Jeremy Renner was having a flashback, a kind of off-camera, post-traumatic stress moment.
For nearly half an hour, the 38-year-old performer had been chatting away, eloquently and amiably, about acting, the Middle East and his lead role as a U.S. Army bomb squad technician on the streets of Baghdad in Kathryn Bigelow’s calculatedly nerve-racking new film, “The Hurt Locker,” which opens Friday here and in New York.
In one crucial scene, Renner’s character, an outwardly cool and pragmatic but inwardly roiling staff sergeant named William James, must confront an Iraqi suicide bomber who wants out of his lethal mission.
“That was one of the toughest scenes for me,” Renner said, pausing between sips of coffee and drags on a cigarette, “ ‘cause that broke my heart.”
Abruptly Renner’s voice froze, his eyes watered up, and a silence of several seconds ensued. He appeared to be 10,000 miles away from the fog-enshrouded garden of the Chateau Marmont. “I’m sorry, I don’t know why it affects me so much, even now,” the actor murmured, adding that he had broken down crying at the end of filming the scene. So had virtually the entire Jordan-based film crew, according to others who were on the set that day.
By several of their accounts, making “The Hurt Locker” was an obstacle course, exhilarating and enriching but lined with logistical and emotional booby traps. Rather than a “war movie” per se, the film is a superficially straightforward but exceptionally subtle entertainment about what makes the hard-wired human animal tick.
Although the film is fictional, it’s based on extensive reportage by screenwriter Mark Boal, a journalist who was embedded with U.S. forces in Iraq. The movie’s visceral challenges, from the brutal 125-degree heat (even hotter if you’re encased in a protective bomb-disposal suit) to the cultural exoticism of the locale, were abundantly real, Renner said. That verisimilitude, along with the movie’s calibrated adrenaline rushes, may help “The Hurt Locker” command a larger audience than most Iraq war-themed movies so far have done.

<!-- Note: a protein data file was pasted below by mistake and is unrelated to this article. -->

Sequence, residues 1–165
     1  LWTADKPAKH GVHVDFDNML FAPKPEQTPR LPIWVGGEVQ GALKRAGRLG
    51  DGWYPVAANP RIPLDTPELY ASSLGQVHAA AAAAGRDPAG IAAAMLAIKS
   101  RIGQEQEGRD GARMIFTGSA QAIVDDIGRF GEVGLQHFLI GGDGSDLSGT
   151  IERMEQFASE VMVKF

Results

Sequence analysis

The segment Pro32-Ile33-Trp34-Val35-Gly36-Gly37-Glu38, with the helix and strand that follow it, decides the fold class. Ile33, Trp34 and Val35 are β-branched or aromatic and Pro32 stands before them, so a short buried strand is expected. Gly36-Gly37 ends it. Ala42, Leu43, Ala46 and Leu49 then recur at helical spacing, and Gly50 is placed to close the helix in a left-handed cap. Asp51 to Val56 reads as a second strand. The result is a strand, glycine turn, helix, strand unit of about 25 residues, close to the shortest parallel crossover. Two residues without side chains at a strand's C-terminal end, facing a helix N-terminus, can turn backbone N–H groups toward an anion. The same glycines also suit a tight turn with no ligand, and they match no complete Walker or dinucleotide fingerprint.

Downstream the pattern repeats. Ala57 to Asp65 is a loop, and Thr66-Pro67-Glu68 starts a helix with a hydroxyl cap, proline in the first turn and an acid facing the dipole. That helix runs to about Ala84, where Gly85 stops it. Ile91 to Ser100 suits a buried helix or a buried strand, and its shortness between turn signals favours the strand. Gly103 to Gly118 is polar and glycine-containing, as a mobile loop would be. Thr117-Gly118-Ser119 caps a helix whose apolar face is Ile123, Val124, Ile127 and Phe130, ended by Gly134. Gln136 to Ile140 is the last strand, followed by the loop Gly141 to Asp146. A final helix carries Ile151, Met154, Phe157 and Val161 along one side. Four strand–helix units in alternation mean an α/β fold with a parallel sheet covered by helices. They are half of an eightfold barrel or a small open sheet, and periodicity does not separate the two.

“I’d never been in the Middle East, and I learned a lot being there, and it was very physically demanding and spiritually straining,” Renner said. “I was Google-mapping my self-respect and my dignity. It really took it out of us.”
Yet it’s in such extreme situations as the film depicts, of loss and fear, desperation and danger, that we may learn who we really are, Renner said. “If you’re stuck in a forest and you have no compass, and you need to eat and whatever, we’d be having a very different conversation. How do you succeed in life when you come up against an obstacle, a wall? Do you sit and suck your thumb and cry? Do you climb over it? Do you go around it? Do you try to break it down? Very telling of an individual.”
Judging by his casual exterior, in a white T-shirt and jeans, Renner looks to be pretty much the individual that he is: a friendly, easygoing guy from Modesto, Calif., who loves hiking and being outdoors (he rehabs houses on the side). But raw, unsettling emotions are an occupational hazard of certain professions, acting among them. Especially, perhaps, if you gravitate toward tightly wound, somewhat deceptively placid characters whose everyman features mask turbulent inner lives.
Renner has portrayed a few of these intricately layered types: Doyle, the intrepid soldier who disobeys orders to save a group of survivors in the apocalyptic horror film “28 Weeks Later”; Gus, a grief-stricken firefighter fleeing a haunting tragedy in “12 and Holding”; and Det. Jason Walsh on the ABC cop drama “The Unusuals,” who tells a colleague, “I think we are our secrets.” Those roles followed his career-making turn in “Dahmer,” as the real-life serial killer who for years slipped barely noticed through polite society.
His “Hurt Locker” character is a Southern good ol’ boy whose combination of sang-froid expertise and borderline recklessness arouses both admiration and alarm from others in his elite Explosive Ordnance Disposal squad.
Boal said that Renner “has a very sort of hail-fellow-well-met kind of demeanor. But he’s actually quite, quite serious about what he does. He was invested in the reality of it, everything from the way he disarms the bomb and holds the pliers to being psychologically authentic too.”
The art of partially concealing oneself behind a layer of armature is an essential acting skill. Renner began acquiring it as a child, struggling with his parents’ divorce while maintaining good grades and an upbeat facade.
“I was happy, but only happy on the outside,” he said. “So that’s when 19 years of emotional repression came to the stage, and it became a playground for me to have all these feelings.”
Today, he’s close to all members of his reconfigured clan. Like Sgt. James, he’s sophisticated enough that he can afford to bend the rules now and then.
“It’s just about completing the task and, hopefully, enjoying yourself along the way,” Renner said. “That is the best thing, to enjoy that journey, to completing whatever task that might be.”